In an effort to fulfill their duty to protect the public, sheriffs throughout the history of our state have sought to influence legislation which makes Georgians safe. As such, during the 1980s, the sheriffs and prosecutors supported legislation which established law allowing for the seizure and condemnation of property used to facilitate crimes or assets obtained through criminal activity.
Since that time, local police departments, state law enforcement agencies and sheriffs’ offices have seized millions in property and cash through judicial process in the courts. These funds and assets were then used for legitimate law enforcement and prosecutorial purposes. Not only has this saved Georgia taxpayers millions, but it has been the single most effective crime fighting tool ever known throughout the history of our state simply due to the fact that criminal actors, those who sell drugs to our children and others who profit from violating the laws of our state, fear the loss of their ill-gained assets.
During the legislative sessions of 2013 and 2014, sheriffs took a strong position against a proposal which would have effectively destroyed the ability to seize and forfeit illegally obtained assets from criminals. During this two-year discussion, much was said by proponents of the bill regarding the unfairness of the current law and how the property of innocent citizens was being taken without cause and forfeited without judicial oversight. Further, it was said there was no reporting or control of the use the funds.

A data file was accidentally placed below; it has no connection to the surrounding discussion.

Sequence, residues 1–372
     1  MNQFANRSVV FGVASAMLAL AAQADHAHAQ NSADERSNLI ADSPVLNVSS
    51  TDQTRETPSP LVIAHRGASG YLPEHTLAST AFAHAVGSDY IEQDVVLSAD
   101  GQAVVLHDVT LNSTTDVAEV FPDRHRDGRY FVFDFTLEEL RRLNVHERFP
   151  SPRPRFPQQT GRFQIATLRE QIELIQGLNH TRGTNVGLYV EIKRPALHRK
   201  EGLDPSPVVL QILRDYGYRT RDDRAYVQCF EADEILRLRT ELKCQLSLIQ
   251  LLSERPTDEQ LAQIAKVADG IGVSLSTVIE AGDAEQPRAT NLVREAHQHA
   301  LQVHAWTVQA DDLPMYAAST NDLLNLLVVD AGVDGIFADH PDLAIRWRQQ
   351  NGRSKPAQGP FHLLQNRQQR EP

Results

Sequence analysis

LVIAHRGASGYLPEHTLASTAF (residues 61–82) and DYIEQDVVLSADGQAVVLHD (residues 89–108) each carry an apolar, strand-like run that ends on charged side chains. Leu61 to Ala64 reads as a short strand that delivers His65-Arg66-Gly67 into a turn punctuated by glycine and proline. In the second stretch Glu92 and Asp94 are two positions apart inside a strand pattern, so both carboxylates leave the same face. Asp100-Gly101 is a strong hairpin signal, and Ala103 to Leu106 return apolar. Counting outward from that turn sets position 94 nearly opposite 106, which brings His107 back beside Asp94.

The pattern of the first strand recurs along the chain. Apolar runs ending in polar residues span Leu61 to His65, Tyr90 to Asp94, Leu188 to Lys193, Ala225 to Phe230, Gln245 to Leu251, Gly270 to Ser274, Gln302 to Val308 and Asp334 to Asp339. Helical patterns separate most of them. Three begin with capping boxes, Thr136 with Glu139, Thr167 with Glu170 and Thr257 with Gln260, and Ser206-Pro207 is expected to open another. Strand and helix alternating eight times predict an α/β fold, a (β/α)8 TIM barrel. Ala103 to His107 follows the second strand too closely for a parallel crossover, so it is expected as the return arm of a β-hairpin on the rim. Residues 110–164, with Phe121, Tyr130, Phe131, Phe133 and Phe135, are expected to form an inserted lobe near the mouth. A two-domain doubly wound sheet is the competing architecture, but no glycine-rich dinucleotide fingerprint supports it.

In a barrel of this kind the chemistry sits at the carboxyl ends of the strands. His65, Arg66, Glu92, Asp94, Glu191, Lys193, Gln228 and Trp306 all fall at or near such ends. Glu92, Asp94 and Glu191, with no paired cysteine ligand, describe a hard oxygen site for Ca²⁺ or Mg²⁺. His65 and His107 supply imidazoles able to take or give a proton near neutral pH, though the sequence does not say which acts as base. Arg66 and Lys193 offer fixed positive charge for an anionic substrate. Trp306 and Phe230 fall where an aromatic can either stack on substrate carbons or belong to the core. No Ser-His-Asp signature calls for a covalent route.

For the record, it should be known that throughout the entirety of this conversation, there were few, if any, legitimate facts supporting these allegations. The challenges to the current law were unfounded, without merit and driven by influences from outside of the state of Georgia.
The Georgia Sheriffs’ Association actively supported and officially endorsed House Bill 233, the Civil Asset Forfeiture Reform Act of 2015, during this past session of the General Assembly. Representative Alex Atwood of Glynn County introduced the bill, which establishes consistency of the process for all offenses in which seizure and forfeiture is appropriate. Also, it enhanced the level of judicial oversight in all cases, further defines the appropriate use of assets, enhances reporting requirements for prosecutors and law enforcement agencies, establishes strict penalties for reporting violations and prohibits prosecutors and sheriffs who do not seek reelection, or who are defeated in elections, from using assets for agencies other than their own during the final months in office.
These are sensible reforms that illustrate our state’s policy to be open and transparent on all matters relative to asset seizure and forfeiture. But the ill-gained assets of criminal actors will be seized and used appropriately by prosecutors and law enforcement agencies at a tremendous benefit to the safety of our citizens and to the detriment of those who chose to prey on Georgians.
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J. Terry Norris is executive director of the Georgia Sheriffs Association.